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The situation with the IMF is getting a little tough. Two main issues are tax revenues and energy related inefficiencies. Latter is a bigger issue where government is finding it hard to come up with a viable solution. Having said that, it seems like there is no imminent threat of program derailment. Environment is conducive as both parties are engaged to find an amicable solution.

IMF staff is asking for a viable plan that can be discussed with its Board; Islamabad is actively searching for it. The worst-case scenario could be a delayed tranche to be clubbed with the next review. One may wonder, what magic wand the government would find by then to resolve the energy puzzle.

It is encouraging that there is a resolve from both sides. It is likely that this tranche might face a delay. This will give allow more time to find a way to reduce energy inefficiencies. IMF understands the tax elasticities and knows that energy prices hike may not result in desired solution at a broader spectrum. But business as usual cannot continue.

This means that budget might come before the next tranche’s board meeting. Fresh taxes can be imposed without the so-called stigma of mini budget. The problem with the non-tax revenues is that IMF has put a cap on SBP profits for computation of primary deficit. It is ironic then that higher than expected SBP profits are the star performers in revenue for current fiscal.

SBP posted Rs427 billion in 1HFY20 as compared to Rs63 billion in the same period last year. Higher profits are attributed to exchange gains (because of currency appreciation in the Jul-Dec) and higher return on SBP stock of government debt. Virtually, all stock of SBP T-bills has been re-profiled into bonds for improving maturity profile. In turn, SBP profits increased.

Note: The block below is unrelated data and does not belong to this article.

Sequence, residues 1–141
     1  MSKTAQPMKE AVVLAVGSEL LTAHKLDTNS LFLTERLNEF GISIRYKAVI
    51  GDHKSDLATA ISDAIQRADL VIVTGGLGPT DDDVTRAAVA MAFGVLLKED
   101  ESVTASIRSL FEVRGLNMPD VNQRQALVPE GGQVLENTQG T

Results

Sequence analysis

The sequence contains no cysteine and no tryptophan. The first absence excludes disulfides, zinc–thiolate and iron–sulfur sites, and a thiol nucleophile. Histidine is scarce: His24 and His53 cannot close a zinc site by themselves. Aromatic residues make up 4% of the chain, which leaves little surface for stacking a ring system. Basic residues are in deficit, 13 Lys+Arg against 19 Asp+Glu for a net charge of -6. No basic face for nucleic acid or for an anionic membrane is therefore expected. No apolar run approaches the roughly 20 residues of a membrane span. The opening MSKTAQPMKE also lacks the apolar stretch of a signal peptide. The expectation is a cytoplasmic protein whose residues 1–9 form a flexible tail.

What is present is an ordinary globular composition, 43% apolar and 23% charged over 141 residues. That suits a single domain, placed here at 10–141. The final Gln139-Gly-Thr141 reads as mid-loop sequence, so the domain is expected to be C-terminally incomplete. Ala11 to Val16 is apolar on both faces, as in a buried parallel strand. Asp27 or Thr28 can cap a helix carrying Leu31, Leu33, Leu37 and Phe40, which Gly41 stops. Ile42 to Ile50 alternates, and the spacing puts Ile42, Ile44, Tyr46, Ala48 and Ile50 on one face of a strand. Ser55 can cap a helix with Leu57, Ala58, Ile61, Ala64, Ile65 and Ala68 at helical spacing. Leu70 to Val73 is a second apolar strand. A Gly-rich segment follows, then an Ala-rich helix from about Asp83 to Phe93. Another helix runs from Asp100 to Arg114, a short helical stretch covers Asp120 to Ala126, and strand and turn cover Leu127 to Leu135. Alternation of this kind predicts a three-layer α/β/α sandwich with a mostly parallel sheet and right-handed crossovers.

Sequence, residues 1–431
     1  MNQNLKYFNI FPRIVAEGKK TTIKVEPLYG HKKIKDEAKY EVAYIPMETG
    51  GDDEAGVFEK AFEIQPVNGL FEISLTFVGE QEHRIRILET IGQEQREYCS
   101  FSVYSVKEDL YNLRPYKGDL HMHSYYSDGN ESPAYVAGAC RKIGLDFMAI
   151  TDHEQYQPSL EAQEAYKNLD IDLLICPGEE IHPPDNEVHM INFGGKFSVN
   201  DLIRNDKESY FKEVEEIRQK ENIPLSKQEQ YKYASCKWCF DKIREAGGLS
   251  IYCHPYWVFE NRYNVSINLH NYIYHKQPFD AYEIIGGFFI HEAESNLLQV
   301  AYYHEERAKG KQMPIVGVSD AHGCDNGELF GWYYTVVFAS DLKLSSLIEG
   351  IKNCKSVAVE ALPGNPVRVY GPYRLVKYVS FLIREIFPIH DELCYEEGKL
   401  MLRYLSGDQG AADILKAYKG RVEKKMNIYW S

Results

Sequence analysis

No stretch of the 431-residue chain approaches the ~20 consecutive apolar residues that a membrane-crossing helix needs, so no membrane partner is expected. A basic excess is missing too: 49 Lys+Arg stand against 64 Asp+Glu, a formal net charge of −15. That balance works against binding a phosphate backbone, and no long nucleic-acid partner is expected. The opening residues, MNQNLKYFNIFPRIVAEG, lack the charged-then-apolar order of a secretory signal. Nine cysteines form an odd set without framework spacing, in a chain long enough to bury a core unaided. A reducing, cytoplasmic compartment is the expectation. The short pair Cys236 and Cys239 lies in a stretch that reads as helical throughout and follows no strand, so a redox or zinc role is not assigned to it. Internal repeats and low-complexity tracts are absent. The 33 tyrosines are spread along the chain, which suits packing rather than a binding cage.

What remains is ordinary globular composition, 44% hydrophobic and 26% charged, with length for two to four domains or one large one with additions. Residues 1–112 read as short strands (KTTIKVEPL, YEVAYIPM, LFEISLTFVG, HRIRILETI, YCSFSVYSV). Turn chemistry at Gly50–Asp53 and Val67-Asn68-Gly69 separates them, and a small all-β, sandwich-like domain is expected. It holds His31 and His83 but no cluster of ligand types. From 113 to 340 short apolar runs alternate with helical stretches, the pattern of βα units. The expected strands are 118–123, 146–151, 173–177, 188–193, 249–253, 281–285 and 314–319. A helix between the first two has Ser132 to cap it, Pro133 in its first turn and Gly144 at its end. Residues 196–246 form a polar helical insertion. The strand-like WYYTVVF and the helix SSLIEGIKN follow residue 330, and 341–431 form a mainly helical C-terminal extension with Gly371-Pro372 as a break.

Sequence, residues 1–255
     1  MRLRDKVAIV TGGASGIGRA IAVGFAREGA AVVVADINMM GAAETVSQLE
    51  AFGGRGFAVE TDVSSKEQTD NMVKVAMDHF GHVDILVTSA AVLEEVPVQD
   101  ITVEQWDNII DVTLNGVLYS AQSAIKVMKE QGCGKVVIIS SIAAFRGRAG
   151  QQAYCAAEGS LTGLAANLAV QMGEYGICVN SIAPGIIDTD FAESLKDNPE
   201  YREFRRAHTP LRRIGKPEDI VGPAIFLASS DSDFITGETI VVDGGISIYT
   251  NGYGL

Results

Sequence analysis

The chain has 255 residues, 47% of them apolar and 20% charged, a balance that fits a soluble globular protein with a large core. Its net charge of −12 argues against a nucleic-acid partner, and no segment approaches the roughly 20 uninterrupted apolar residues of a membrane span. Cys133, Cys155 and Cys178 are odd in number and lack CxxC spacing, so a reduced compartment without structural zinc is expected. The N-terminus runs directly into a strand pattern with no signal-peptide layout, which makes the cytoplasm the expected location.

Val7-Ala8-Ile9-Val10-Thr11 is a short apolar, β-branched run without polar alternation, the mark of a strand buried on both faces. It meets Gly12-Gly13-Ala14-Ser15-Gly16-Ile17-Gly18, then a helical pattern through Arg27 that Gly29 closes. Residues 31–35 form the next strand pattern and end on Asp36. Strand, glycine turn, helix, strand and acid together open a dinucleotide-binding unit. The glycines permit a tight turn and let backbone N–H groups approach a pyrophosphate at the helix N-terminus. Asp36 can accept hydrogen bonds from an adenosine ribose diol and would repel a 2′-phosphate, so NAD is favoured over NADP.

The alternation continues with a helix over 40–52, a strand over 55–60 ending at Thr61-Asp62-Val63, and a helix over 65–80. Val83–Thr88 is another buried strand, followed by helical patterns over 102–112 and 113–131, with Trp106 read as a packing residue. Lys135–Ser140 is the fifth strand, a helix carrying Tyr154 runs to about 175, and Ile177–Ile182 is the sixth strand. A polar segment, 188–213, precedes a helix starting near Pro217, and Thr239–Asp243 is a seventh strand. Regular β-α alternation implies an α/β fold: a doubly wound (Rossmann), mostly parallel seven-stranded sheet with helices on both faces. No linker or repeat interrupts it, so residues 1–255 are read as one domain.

But not all of it can be used in meeting IMF target of primary deficit. For instance, IMF has placed a ceiling on SBP profits at Rs341 billion for 1HFY20 for primary deficit target. The actual profits transferred were Rs427 billion. The full year ceiling is at Rs604 billion.

On tax revenues, government believes that implementation of measures on taxes will take time to translate into revenues. IMF may want to see a plan on how to meet current and next year’s tax revenue targets. At this point, government is looking for replacement of Shabbar Zaidi as FBR chairman. Tariq Pasha and Mujtaba Memon are probable candidates. Whoever is to come, it is a tough pitch to play.

The bone of contention is energy where government is finding hard to curb the circular debt growth. The other issue is handling the existing stock. Increasing tariff further could be counterproductive as industrial sector is already becoming regionally uncompetitive. Exporters are no longer getting energy at promised rates. Resolving energy woes may prove tougher than addressing challenges on the revenue front.